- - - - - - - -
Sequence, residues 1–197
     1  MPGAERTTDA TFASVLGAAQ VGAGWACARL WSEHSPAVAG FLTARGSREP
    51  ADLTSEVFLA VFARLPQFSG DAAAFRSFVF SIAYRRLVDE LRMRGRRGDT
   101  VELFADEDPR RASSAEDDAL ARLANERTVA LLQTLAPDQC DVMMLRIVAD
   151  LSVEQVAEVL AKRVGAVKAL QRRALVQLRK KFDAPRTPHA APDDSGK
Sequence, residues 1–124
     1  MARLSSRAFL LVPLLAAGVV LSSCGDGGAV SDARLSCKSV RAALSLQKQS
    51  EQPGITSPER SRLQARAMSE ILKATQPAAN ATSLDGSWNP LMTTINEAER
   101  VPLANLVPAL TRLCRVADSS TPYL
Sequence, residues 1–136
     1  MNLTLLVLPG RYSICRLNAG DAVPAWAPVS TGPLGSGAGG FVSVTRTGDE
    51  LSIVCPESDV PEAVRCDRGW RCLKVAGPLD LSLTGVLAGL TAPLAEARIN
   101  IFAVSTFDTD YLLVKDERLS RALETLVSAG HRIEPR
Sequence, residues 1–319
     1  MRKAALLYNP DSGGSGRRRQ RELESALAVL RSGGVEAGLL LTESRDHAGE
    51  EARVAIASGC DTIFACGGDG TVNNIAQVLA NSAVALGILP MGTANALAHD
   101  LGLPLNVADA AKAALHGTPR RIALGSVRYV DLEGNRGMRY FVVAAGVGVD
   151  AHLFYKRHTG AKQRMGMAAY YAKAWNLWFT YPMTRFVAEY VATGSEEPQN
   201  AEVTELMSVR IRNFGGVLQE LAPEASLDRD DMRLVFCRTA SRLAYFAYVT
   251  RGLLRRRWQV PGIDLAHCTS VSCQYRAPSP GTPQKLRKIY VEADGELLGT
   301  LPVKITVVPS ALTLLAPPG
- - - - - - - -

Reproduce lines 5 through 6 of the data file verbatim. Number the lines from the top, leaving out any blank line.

   151  LSVEQVAEVL AKRVGAVKAL QRRALVQLRK KFDAPRTPHA APDDSGK
Sequence, residues 1–124